My name is Maria Elena Morgan. I am a professional writer/editor. I have many hobbies–knitting, crocheting, cooking, paranormal events, artist, singing, and of course, writing novels. I am widow with 3 genius children. Since 1988, I have been offworld many times, the most recent of which was this year. I have a hybrid teenage girl child by a Grey. My best alien friend is Red, a Reptilian, who is also a scientist. I have included a brief bio of Red in the sidebar.

Medicare/Medicaid Rule Increases Costs Without Improving Patient Outcomes For Defibrillator Implants

Main Category: Medicare / Medicaid / SCHIP
Also Included In: Cardiovascular / Cardiology;  Medical Devices / Diagnostics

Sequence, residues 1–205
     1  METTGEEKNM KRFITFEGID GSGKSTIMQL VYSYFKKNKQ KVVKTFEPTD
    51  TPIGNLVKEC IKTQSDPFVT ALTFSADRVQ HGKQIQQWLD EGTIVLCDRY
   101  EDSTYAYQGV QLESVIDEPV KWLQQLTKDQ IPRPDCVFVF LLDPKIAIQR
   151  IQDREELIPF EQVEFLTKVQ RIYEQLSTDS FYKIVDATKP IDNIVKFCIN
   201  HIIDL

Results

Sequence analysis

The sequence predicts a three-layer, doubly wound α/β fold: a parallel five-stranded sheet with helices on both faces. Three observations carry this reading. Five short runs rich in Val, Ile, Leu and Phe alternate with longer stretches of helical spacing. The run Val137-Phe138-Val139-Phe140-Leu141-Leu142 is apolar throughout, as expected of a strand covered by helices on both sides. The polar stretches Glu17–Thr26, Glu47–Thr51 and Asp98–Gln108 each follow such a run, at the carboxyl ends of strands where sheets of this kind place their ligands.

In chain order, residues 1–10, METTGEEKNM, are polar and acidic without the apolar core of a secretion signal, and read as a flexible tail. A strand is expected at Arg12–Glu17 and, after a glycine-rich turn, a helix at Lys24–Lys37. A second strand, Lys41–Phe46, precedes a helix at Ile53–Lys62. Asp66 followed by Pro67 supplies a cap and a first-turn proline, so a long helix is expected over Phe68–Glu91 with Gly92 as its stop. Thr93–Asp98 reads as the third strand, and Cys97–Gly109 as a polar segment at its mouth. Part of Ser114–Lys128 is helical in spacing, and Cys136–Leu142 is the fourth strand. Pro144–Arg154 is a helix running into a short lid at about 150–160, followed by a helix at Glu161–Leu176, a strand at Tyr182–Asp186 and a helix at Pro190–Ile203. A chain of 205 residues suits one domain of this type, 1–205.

Article Date: 28 Mar 2012 – 0:00 PDT

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The cost to place an implantable cardioverter-defibrillator (ICD) increased by $844 per case after a new requirement from the Centers for Medicare and Medicaid Services (CMS) went into effect in February 2010, according to research presented at the American College of Cardiology’s 61st Annual Scientific Session. The Scientific Session, the premier cardiovascular medical meeting, brings cardiovascular professionals together to further advances in the field.

That cost, if applied to the approximately 150,000 ICDs implanted in the United States each year, translates to $126 million in additional medical costs. The cost increase results from a new CMS requirement mandating that practitioners providing deep sedation be independent from the practitioner performing an invasive procedure. Previously, nurses administered limited deep sedation under the careful scrutiny of the implanting physician during ICD procedures; now, the implants require an additional physician such as an anesthesiologist.